1. Bring 1 cup of water to a boil in a small saucepan, add the raisins and turn off the heat. Let sit for 5 minutes, then drain and transfer the raisins to a small bowl. Mix in the rose petals; set aside to cool.
2. In a medium saute pan over medium-high heat, toast the walnuts until fragrant, 1 to 2 minutes. Remove from the heat; cool.
3. In a large bowl, combine the yogurt, shallot, herbs, salt and pepper and mix with a rubber spatula until well blended. Add the sliced cucumbers and radishes, and stir to combine.
4. Just before serving, add the walnuts and raisin mixture and stir well to combine. Transfer to a serving bowl and garnish the outer edge of the bowl with sprigs of basil, mint and dill. Scatter a few rose petals over the top.
Each serving: 159 calories; 7 grams protein; 9 grams carbohydrates; 1 gram fiber; 11 grams fat; 6 grams saturated fat; 13 mg. cholesterol; 220 mg. sodium.
Uncommon seeds and seedlings
Internet/mail order seeds and plants
Baker Creek Heirloom Seeds, 2278 Baker Creek Road, Mansfield, Mo., 65704, (417) 924-8917; www.rareseeds.com. Rare and unusual heirloom vegetables, herbs and flowers, all open-pollinated varieties. Look for Cuban Seasoning peppers, as well as Japanese Black Trifele tomatoes, French thyme, Thai basil, burnet and Thai Golden Round melon, a very sweet melon with a bright orange skin and pineapple-like flavor.
Reimer Seeds, Box 236, Mount Holly, N.C. 28120-0236; www.reimerseeds.com. Nearly 4,000 varieties of vegetables, herbs and flower seeds. Note that this is an Internet-only seed company; orders can be made only through the website -- though you can order online and then mail a check. This is a source for Pisanello tomato seeds.
Renee's Garden, 6116 Highway 9, Felton, Calif. 95018, (888) 880-7228; www.reneesgarden.com. Many vegetables, herbs and edible flowers. Source for Green Fingers cucumbers, Italian Cameo basil, several Thai basils, numerous lettuce and mache varieties, including some offered in seed collections. Test gardens in California.
Seeds From Italy, Box 149, Winchester, Mass. 01890, (781) 721-5904; www.growitalian.com. Great selection of Italian vegetables, herbs and flowers. U.S. distributor for 200-plus-year-old Franchi seeds. Source for agretti seeds, along with other traditional Italian items. Try their Cascine fava beans or grow your own capers.
Swallowtail Garden Seeds, 122 Calistoga Road, No. 178, Santa Rosa, Calif. 95409, (707) 538-3585; www.swallowtailgardenseeds.com. Annual and perennial flowers, vegetables and herbs, many heirlooms. Source for Yellow Wonder Alpine strawberry seed. (Note: Alpine strawberries typically don't produce many runners, if any, and are more easily grown from seed than traditional strawberries.)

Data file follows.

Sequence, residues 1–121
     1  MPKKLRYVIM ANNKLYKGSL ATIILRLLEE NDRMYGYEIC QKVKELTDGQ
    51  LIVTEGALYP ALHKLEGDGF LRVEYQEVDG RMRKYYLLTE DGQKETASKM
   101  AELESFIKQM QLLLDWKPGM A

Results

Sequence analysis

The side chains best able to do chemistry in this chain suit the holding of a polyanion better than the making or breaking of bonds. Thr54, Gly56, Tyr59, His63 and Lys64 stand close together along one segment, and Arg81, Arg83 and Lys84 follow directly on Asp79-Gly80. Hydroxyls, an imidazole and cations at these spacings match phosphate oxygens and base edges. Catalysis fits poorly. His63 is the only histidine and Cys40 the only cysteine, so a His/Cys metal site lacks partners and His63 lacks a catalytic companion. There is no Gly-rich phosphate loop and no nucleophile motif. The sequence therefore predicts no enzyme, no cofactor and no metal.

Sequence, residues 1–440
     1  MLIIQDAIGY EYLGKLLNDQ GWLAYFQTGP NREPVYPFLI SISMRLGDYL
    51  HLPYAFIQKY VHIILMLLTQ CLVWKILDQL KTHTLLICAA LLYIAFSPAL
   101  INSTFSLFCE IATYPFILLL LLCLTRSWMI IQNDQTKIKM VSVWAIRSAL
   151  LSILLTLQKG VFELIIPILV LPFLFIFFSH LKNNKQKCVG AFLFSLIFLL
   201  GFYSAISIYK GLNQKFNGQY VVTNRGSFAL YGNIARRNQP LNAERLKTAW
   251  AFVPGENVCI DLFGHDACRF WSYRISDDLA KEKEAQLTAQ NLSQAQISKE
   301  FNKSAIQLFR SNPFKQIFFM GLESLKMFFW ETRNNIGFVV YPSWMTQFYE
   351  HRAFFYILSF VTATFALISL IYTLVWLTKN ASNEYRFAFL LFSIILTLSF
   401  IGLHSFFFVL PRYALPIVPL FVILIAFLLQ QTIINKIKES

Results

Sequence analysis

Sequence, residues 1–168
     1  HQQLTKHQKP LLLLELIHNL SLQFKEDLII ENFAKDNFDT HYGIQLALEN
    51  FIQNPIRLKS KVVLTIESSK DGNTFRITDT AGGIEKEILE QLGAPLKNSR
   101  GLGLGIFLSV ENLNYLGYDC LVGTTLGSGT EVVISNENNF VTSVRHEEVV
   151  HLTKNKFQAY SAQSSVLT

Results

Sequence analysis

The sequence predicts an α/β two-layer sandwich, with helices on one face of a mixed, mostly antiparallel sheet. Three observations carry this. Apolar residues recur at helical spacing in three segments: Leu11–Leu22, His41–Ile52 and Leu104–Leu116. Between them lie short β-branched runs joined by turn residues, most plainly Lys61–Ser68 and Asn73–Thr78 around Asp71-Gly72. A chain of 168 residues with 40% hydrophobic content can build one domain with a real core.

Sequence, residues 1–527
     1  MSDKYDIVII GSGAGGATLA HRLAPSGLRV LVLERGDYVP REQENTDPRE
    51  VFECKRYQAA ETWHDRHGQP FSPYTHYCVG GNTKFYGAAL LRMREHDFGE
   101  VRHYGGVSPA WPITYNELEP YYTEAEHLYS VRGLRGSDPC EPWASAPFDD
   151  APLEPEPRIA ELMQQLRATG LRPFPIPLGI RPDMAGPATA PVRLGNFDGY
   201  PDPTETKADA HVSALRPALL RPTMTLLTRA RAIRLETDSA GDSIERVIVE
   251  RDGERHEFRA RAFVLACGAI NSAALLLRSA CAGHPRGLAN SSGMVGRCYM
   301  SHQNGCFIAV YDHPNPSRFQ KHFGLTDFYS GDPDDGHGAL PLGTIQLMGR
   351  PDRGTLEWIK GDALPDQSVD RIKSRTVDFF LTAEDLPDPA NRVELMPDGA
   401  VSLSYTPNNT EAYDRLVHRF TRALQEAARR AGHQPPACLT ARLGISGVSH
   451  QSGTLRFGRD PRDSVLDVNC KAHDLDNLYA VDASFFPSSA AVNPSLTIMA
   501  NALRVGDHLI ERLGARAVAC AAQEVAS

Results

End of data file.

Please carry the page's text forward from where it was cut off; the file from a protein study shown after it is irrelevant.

Victory Seed Co., Box 192, Molalla, Ore. 97038, (503) 829-3126; www.victoryseeds.com. Offers organically grown or certified organic open-pollinated and heirloom seeds for vegetables, herbs and flowers, many of which are grown on its family farm. The company also has a seed bank, and offers the chance to be a trial gardener. Source for Extreme Bush tomatoes. It also carries mint seeds, which many companies don't, and some old-fashioned herb seeds such as hyssop and horehound.
Plant sales and nurseries
L.A. County Arboretum & Botanic Garden, 301 N. Baldwin Ave., Arcadia, (626) 821-4624; www.arboretum.org. March 26, tomato lecture, heirloom tomato sale; May 2 to 4, LA Garden Show (includes sale). $7 arboretum admission.
Fullerton Arboretum, 1900 Associated Road, Fullerton, (714) 278-3407; www.arboretum.fullerton.edu. March 13 to 16, tomato (200-plus varieties) and pepper (90-plus varieties) sale. Free.
Hayward Organic Gardening, (323) 216-0379. Sells unusual vegetable and herb seedlings and plants at Sunday Hollywood farmers market and Wednesday Santa Monica Farmers' Market. Look for mentuccia, chocolate mint, large and small-leafed mache, wild Italian arugula, French thyme and many others, including yerba santa, whose leaves are used to wrap tamales, and for seasoning, and the fabled "collard green tree."
Sunset Boulevard Nursery, 4368 Sunset Blvd., Los Angeles, (323) 661-1642. Selection of vegetable and herb seedlings not typically stocked by larger garden stores.
Tomatomania, www.tomatomania.com. L.A. sale dates April 4 to 6, Tapia Bros. Farm Stand, Encino. 300-plus tomato seedling varieties.
Windrose Farms, www.windrosefarm.org. Sells seedlings at farmers markets including Wednesday and Sunday in Santa Monica, Saturday in Santa Barbara. Beginning in April, sells from farm stand east of Paso Robles, near Creston. Look for many herbs, including French thyme, French tarragon, Thai basils. Source for World of Color Giant pumpkins and heirloom tomatoes beginning in March.
Common Ground, (323) 260-3348; celosangeles.ucdavis.edu/CommonGround_Garden_Program. Free garden tips and planting schedules, online information.
-- Dawna Nolan